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When people hear that I have six kids, the reaction is usually entertaining. Sure, there are some days when I wonder what I've gotten myself into, worry about the world they'll inherit and consider the environmental footprint of a family like mine. But most of the time, I just celebrate how awesome it is to have six kids. Here are a few reasons why:
1. It's cheaper.
A couple of years ago when the recession hit, I was interviewed and wrote articles about whether the economic recession would affect my decision to have another child. The short answer was, "No." I don't let little things like common sense, birth control and economic disaster stop me from having babies.
I believe that for the most part, children are as expensive as you make them. Sure, there is that initial cash outlay with the first child, but if you go on to have several children, you are really just getting more bang outta your buck. When I look at our battered bassinet, stained stroller, filthy crib and tired changing table, I feel like we got good value for our dollar. And talk about a good hand-me-down situation in the clothing department! My last couple of babies don't know what new clothes feel like.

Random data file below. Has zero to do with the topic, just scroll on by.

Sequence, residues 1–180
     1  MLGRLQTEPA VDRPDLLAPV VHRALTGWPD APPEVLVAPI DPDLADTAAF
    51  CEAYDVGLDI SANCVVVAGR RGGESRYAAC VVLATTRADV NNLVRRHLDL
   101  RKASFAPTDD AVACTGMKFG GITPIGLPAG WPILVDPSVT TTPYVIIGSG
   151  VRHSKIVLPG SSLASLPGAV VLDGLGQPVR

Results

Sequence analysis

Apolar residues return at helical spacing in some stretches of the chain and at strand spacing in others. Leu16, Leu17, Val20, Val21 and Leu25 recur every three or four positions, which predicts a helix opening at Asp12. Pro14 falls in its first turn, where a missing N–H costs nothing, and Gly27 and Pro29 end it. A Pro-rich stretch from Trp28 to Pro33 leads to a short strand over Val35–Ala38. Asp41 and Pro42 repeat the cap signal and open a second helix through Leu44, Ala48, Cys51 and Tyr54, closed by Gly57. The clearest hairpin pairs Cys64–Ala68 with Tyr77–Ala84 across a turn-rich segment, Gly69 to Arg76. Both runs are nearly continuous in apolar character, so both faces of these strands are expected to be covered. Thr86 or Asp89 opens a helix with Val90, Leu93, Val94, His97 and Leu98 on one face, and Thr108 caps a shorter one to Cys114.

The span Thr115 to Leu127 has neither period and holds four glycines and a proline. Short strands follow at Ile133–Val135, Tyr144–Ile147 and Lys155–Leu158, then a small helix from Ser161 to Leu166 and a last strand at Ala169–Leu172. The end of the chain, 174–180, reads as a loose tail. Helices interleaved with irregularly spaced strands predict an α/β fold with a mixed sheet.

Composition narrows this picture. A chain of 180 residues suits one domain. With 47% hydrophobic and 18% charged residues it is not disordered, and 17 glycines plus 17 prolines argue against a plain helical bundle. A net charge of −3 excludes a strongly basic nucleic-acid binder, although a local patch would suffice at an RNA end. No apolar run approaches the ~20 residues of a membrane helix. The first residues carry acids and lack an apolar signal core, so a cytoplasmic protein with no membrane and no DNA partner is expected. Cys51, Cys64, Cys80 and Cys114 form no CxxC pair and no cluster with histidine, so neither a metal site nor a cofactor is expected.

I can see that they might get expensive as they start heading off to university, but we've got some sensible savings going and besides, my kids will not be served up a post-secondary education on a platter. Summer jobs and student loans exist for a reason, and I have no problem seeing mine work to earn their educations.
Being able to "afford" children is relative. I can't afford a flashy car, but I can afford six kids. There are people with flashy cars who can't afford another child. Whatever turns your crank.
2. You have nice kids.